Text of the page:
On Gender


Is 50 / 50 Residency the Right Target?

It was bold, and possibly suicidal, for the Shared Parenting Council of Australia to make 50:50 residency its defining target for family law reform.

Organizations around the world call for “equal parenting,” but there is scant agreement on its definition. What, exactly, is equal parenting? How do you measure, much less legislate, it; how do you know when you have it? Some use 50:50 residence for their definition and will settle for nothing less.

There is clearly a need for some operational definition, the question is, what?

For three decades, the laws of jurisdictions such as Pennsylvania, Australia, California, and the UK have strongly supported, if not equality, active involvement by both parents in the raising of their children. That is the stated target of their laws. But to this day, all these jurisdictions experience as high a rate of father elimination as jurisdictions with less family-friendly legislation such as Canada. Since judges can cite “best interests of the child” to do anything they please, fathers are still ordered such insignificant “visitation” without any protection of even that, that only half of chid-father relationships survive the first two years after divorce.

So those struggling to ensure that children have two parents irrespective of marriage seek legislated, operational equal parenting, not soft words and good intentions.

That is the political story behind insisting upon 50:50 time. It’s the only thing believable. The question remains: what is equal parenting and how well does 50:50 residence assuring it? Are there other options that would create it just as readily, or better?

The most obvious deficiency of 50:50 time is that it omits parental decisions. It hardly matters that your child spends half her time with you if you have no say in whether she goes to school or know how she’s doing, or whether his medical care comes from folk lore or science. Parenting is neither time nor money. It is active care, and that care does not always require the presence of the child. So another definition of equal parenting is functional equality.

Early attempts to implement functional equality appeared as “joint legal custody.” But these laws, too, used soft words such as “consult” and “joint” and “significant matters” without operational definition nor means of enforcement. It has proved another cover for sole custody.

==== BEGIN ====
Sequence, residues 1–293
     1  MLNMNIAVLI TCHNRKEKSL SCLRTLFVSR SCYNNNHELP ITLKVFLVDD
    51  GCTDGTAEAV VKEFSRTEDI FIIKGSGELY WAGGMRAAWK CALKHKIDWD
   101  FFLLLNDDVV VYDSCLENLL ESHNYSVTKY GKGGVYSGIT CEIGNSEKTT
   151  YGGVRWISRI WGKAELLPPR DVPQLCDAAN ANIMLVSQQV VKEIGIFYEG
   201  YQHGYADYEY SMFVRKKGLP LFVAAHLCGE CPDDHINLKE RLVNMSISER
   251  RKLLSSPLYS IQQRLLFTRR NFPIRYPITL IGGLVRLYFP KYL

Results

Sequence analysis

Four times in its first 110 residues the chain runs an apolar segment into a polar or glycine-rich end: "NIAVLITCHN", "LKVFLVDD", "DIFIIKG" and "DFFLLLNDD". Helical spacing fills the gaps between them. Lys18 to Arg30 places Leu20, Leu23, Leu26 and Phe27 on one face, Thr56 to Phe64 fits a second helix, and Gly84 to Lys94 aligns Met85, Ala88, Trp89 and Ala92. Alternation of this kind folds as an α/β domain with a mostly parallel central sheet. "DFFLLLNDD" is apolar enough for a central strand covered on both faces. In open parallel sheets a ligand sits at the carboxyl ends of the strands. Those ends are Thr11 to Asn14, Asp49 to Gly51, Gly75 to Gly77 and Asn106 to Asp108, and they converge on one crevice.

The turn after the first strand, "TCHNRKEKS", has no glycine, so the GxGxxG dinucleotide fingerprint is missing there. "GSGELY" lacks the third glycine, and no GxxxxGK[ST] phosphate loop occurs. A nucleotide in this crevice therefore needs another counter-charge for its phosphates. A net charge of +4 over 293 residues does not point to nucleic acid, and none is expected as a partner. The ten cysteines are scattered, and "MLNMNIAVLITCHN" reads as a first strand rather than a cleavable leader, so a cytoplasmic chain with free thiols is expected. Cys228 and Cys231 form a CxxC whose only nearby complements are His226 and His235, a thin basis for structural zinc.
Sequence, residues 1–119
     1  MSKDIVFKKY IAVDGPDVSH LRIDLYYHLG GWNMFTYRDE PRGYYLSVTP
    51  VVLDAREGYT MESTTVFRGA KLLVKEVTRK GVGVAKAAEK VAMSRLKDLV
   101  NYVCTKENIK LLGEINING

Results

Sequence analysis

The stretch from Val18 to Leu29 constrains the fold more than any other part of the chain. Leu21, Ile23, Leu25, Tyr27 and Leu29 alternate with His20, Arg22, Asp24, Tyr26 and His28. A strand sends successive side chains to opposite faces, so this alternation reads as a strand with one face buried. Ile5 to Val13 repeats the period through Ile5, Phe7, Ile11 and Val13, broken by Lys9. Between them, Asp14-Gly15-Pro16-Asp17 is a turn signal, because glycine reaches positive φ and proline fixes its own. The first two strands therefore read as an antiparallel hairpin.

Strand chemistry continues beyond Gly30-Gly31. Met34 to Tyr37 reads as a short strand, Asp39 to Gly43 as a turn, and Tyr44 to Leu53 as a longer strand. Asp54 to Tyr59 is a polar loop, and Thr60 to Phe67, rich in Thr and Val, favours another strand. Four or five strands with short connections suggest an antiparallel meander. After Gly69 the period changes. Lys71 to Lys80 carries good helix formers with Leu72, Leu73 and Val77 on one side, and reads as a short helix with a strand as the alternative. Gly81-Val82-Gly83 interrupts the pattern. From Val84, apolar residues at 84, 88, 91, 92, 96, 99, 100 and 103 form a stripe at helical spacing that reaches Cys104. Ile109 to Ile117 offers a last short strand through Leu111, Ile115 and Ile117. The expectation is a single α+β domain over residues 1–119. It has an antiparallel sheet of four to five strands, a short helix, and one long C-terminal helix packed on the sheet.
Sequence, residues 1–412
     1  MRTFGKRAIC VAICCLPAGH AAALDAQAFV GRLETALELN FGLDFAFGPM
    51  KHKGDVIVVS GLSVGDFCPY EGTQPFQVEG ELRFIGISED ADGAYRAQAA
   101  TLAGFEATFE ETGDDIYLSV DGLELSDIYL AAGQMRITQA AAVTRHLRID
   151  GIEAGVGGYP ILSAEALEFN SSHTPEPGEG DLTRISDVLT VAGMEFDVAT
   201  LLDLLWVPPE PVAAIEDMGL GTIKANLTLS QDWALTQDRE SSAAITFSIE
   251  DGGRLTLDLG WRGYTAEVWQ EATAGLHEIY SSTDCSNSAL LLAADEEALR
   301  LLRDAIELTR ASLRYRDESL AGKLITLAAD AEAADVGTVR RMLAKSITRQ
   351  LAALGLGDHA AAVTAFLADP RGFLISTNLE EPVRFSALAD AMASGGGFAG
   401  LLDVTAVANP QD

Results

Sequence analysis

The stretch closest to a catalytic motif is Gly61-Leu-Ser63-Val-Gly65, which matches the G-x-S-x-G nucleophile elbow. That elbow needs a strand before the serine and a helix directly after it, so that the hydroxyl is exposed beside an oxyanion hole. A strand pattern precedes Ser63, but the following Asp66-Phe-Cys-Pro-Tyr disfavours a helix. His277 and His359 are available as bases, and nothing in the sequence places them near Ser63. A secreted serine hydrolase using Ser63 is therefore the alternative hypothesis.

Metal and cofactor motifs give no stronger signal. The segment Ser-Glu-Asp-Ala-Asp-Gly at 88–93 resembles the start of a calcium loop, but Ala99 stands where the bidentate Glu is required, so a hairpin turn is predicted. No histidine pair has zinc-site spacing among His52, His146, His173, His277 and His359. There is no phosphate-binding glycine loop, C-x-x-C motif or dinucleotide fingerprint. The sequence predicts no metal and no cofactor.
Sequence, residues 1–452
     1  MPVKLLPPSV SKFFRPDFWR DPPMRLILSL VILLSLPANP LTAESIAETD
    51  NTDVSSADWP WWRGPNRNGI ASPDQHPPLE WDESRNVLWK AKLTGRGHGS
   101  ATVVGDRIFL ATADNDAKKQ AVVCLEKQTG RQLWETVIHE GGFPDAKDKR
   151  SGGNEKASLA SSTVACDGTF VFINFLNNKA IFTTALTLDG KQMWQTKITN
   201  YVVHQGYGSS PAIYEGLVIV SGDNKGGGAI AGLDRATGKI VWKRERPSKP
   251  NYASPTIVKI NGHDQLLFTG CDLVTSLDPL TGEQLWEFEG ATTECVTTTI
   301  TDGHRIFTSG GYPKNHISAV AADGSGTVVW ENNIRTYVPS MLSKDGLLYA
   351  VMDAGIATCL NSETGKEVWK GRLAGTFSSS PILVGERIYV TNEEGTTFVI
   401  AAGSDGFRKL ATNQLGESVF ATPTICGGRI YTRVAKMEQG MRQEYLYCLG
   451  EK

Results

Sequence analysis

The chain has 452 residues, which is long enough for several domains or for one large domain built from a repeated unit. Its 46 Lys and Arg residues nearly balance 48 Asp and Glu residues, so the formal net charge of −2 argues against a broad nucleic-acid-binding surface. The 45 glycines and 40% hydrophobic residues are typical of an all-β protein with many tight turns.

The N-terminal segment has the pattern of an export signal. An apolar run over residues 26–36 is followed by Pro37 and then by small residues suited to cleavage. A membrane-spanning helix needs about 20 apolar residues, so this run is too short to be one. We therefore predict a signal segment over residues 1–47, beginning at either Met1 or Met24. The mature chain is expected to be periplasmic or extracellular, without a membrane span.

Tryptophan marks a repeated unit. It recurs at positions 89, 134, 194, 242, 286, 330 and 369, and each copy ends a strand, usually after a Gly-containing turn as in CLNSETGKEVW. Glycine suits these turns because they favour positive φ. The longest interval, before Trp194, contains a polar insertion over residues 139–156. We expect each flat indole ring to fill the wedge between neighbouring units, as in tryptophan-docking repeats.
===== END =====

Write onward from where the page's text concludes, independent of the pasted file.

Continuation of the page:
I wouldn’t give up on functional equality, just be better at its definition. For as long as we think equality is sameness and both parents doing all the same things, it will not work. Once we realize that equality is derived from our differences and in providing different things (differentiated parenting roles that the parents themselves define), we may finally get somewhere.

The second problem with unqualified 50:50 time is Joan Kelly’s concern. Kelly has had an illustrious career as divorce counselor and researcher and, though I’ve never heard her use the word “equal,” is an advocate of children having both parents.

Yet she called presumed 50:50 residency, “irrational.”

Scratching below the surface, it seems that Kelly may not object to it as a principle but worries about its implementation. Infants should have 4 to 24 hours with each parent at a time and not be separated from either for much longer. So if 50:50 is implemented weekly, it may work for a seven-year-old but be disastrous for a six-month-old.

The opposite problem appears at adolescence. Even at age 12 they’re not children any more. What matters to them is their peers, and that there is one place where their friends can find them. While 50:50 time is a good measure for all ages pre-teen (so long as it is tailored to the child’s age and temperament) it can be a disaster for many teenagers.

The answer may lie in a presumption of 50:50 time whose implementation is left to the parents so they can tailor it to their children’s changing needs, when and as they need to. That is, leave what is in a child’s best interests up to the child’s parents, the same as we do for married parents. (At least, so far we do.)

Assertions for equal parenting may only need some refinement or clarification to gain broader acceptance.

©2007 KC Wilson

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To nourish children and raise them against odds is in any time, any place, more valuable than to fix bolts in cars or design nuclear weapons. - Marilyn French


 K.C. Wilson is a social commentator and author of Where's Daddy? The Mythologies Behind Custody-Access-Support, and the e-books: Male Nurturing, Co-parenting for Everyone, The Multiple Scandals of Child Support, and Delusions of Violence: The Secrets Behind Domestic Violence Myths. For his personal life, he prefers anonymity. He writes as a nobody, for he is not your ordinary divorce expert with the usual credentials. He is not a lawyer or psychologist, he is not now nor has he ever been a member of the Divorce Industry. K.C. is simply a thinker and researcher, for the issues are not legal, but human, social and common to all. When change is indicated, should we turn to those that the very status quo which is to be questioned has promoted to "expert?" Society's structures are up to society, not a select few. So his writing is for and about you, the ordinary person. K.C. prefers to be known as simply one himself, and that is how he writes. Find out more at wheres-daddy.com


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